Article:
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Six members of the Reading 180 class at Würzburg Elementary School in Germany gather to discuss letters to the editor of the Stars and Stripes that they had written as a school assignment. The students are, from left: Alexis Colbert, 11; Kelli O'berry, 11; Nylah Stroud, 11; Juliet Trevino, 10; Hanna Teldenhof, 10; and Chris Bailey, 11.

Six members of the Reading 180 class at Würzburg Elementary School in Germany gather to discuss letters to the editor of the Stars and Stripes that they had written as a school assignment. The students are, from left: Alexis Colbert, 11; Kelli O'berry, 11; Nylah Stroud, 11; Juliet Trevino, 10; Hanna Teldenhof, 10; and Chris Bailey, 11. (Mark St.Clair / S&S)

There was just one more day of school, but the future veterinarian, foster mom and guitar-playing Marine of the Reading 180 class at Würzburg Elementary School had other matters on their minds.

A few weeks before, their teacher, Michelle Winter, had given them an assignment: write a letter to the editor of Stars and Stripes. They could choose their own topic.

Out of the 10 letters written, half were about the closing of Würzburg’s Leighton Barracks. Others were about expired food at the commissary, abandoned pets and an 11-year-old’s take on the differences between the United States and Germany.

Due to the size of Stripes’ letter section, all the students’ letters couldn’t be published. So talking to them as a group about what they’d written seemed like the next best thing.

The class had already lost one of its 11 members, what with families moving and the 2008 closure looming. But the remaining fourth- and fifth-graders had no reservations about making their voices heard.

“We were actually having a chance to speak out and not be one of those people in a corner,” said 10-year-old Hanna Teldenhof.

Hanna, joined by classmates Alexis Colbert, Kelli O’berry, Nylah Stroud and Chris Bailey, all 11, and Juliet Trevino, 10, talked about their letters on that last day of school.

“Don’t close Würzburg’s Leighton Barracks! We have a great PX, commissary, schools, and more!” Juliet had written. Born in Würzburg, she said she was sad that she and her 13-year- old brother, Thomas, have to attend school in Stuttgart, Germany, next year.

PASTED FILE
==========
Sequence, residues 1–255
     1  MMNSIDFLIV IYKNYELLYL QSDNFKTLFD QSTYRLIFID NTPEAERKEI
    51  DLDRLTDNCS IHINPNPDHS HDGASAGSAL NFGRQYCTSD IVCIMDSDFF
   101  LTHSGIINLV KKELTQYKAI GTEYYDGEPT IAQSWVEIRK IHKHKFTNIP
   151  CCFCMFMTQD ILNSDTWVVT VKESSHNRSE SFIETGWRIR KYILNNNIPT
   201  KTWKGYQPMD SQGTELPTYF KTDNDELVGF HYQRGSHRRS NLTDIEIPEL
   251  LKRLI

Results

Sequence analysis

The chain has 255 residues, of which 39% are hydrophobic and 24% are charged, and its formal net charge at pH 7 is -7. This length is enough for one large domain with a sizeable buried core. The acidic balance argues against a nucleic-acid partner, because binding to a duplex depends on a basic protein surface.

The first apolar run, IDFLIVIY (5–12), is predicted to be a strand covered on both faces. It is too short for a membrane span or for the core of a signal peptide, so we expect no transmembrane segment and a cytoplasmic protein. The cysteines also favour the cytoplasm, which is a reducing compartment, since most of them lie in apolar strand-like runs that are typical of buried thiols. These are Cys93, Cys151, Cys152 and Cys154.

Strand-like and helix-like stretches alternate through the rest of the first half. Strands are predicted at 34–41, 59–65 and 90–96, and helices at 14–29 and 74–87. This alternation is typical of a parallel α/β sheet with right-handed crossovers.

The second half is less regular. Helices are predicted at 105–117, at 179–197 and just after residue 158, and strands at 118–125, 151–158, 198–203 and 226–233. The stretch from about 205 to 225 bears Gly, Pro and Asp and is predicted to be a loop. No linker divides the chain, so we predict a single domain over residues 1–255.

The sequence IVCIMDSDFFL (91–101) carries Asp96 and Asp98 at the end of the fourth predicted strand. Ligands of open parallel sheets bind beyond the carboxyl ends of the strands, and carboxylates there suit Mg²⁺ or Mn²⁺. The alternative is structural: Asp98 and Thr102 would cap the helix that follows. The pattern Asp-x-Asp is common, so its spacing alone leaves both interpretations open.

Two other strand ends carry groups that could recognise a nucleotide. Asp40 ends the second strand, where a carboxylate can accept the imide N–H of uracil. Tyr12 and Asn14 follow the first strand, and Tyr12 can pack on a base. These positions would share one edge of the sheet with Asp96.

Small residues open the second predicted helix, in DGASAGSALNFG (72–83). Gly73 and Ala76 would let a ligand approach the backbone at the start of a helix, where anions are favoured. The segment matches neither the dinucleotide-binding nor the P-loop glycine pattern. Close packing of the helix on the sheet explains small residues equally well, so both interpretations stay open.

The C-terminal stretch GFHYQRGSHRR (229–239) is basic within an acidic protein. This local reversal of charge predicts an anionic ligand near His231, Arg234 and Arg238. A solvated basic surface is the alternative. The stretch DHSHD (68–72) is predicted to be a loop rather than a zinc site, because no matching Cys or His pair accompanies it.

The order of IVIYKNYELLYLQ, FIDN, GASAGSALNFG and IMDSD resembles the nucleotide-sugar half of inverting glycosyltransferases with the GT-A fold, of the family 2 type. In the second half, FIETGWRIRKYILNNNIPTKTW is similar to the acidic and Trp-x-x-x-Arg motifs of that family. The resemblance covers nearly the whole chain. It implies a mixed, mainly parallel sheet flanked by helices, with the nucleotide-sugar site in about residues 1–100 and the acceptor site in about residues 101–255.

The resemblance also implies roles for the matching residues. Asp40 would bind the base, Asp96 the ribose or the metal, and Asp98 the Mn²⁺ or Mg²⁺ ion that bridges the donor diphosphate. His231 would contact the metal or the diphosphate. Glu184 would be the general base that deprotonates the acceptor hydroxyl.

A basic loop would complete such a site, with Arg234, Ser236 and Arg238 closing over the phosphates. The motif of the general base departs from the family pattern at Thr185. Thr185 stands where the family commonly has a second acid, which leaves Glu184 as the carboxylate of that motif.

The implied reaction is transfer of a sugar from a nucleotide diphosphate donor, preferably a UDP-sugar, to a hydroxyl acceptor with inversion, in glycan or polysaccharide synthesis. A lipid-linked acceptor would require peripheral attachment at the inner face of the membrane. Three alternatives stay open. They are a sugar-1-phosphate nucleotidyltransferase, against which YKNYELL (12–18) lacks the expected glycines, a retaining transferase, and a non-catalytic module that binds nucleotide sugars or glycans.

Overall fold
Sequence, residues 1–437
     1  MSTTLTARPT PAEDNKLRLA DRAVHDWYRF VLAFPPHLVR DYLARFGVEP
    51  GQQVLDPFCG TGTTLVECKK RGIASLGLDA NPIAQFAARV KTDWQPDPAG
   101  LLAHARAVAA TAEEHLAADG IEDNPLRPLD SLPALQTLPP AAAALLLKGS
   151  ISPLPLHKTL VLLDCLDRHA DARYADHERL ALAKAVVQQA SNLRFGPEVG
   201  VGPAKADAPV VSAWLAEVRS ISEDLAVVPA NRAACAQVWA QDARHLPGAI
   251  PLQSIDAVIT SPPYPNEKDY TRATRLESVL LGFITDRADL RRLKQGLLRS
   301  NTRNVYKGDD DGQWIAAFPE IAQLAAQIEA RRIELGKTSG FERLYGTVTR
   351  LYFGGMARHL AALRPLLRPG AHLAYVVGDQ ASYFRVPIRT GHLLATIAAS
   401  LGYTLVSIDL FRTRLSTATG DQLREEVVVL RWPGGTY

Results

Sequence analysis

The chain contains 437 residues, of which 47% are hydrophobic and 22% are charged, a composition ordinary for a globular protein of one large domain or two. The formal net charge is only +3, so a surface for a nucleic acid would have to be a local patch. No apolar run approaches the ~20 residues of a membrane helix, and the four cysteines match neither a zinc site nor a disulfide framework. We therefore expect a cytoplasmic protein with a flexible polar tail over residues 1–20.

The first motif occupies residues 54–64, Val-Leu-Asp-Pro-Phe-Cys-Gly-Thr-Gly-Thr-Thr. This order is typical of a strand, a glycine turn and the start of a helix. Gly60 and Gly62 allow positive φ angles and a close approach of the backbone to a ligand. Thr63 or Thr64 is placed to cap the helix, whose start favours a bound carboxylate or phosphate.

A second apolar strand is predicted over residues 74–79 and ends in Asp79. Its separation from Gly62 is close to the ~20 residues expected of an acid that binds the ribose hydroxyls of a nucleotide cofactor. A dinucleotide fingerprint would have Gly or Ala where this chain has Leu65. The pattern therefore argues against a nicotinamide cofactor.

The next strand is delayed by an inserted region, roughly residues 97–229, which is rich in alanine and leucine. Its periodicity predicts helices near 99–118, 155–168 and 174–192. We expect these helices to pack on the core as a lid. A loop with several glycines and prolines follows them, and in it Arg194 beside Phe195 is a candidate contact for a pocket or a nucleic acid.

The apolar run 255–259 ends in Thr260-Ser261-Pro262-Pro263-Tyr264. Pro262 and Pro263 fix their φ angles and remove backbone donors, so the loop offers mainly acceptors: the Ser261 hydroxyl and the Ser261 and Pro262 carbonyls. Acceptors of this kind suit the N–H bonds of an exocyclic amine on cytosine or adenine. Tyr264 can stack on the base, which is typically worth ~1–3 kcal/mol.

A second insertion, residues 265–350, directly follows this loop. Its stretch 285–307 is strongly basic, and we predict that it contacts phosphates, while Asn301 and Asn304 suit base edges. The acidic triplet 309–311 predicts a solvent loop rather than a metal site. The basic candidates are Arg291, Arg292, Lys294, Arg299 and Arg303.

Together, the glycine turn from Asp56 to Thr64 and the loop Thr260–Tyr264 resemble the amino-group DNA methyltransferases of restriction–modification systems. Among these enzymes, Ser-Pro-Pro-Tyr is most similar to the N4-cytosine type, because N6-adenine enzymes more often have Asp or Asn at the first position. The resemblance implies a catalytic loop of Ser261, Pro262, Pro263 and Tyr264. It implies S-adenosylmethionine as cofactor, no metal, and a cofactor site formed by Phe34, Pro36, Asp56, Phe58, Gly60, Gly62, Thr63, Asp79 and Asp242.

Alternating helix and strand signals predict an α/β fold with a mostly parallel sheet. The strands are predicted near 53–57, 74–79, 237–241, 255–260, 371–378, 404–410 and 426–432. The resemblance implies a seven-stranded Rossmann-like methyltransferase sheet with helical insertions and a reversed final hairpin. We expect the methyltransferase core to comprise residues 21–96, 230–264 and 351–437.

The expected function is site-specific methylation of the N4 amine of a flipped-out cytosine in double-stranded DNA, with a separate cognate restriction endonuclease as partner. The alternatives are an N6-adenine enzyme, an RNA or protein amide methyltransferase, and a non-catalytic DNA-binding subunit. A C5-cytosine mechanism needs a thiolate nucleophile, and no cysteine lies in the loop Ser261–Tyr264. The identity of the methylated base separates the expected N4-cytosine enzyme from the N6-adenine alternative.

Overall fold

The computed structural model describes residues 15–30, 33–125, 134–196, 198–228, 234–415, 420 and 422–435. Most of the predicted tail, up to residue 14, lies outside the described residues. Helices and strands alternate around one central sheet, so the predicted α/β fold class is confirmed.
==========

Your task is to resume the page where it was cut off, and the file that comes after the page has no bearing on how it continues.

“Leighton Barracks is beautiful because there are flowers, like tulips and daffodils, cherry trees, and similar nice touches.

“Everyone wants to remain in Würzburg or nearby. Remember, do NOT close Würzburg’s Leighton Barracks!” she wrote.

Kelli, the future guitar-playing Marine, said of the letter, “At first I just wanted to get it over with, but in the middle I thought it was fun.”

Having just returned from the United States, she wrote about how Germany’s Wal-Marts don’t measure up to those in the States, and how it’s easier to go fishing there, too.

“I don’t really know if I would prefer to live in the U.S. or Germany. All I know is that I want to live in a place that’s away from danger, like volcanoes and hurricanes. I guess that I don’t have to worry about that right now since I’m just a kid,” she wrote.

Hanna wrote of her family’s attempt to adopt a dog. Because of previous problems with Americans leaving their pets behind when they moved, employees at the German pound wouldn’t let them.

“Some people are also leaving their pets in their house or outdoors after PCSing. Pets can starve to death or get hit by a car if their owners have abandoned them. It makes me feel sad that poor innocent animals are dying because their owners aren’t caring for them,” Hanna wrote, saying in the interview she was “shocked” to hear of people mistreating their animals and sad that she couldn’t adopt a pet.

Alexis, who already has dogs, wrote about the recent stateside pet food pandemic, even including a recipe for dog food in her letter.

“In my opinion the base commissaries shouldn’t sell dog food that contains any unhealthy ingredients in it,” she wrote. “People’s pets in the U.S. have been dying from the tainted dog food that has been said to have rat poison in it.”

Asked about her letter, Alexis candidly said, “I wrote it because I love dogs and I really don’t want my dogs to die.”

Two things all the students shared was frankness in their writing and excitement about sharing their opinions.

The Reading 180 class, which also has elements of language arts, science and social studies, has opened her students’ eyes, said Winter, a Department of Defense Dependents Schools teacher for 17 years.

“Some of the parents have told me that [their child’s] desire to read has increased,” she said.

Perhaps it’s also increased their desire to write. Their lettters certainly seem to say so.


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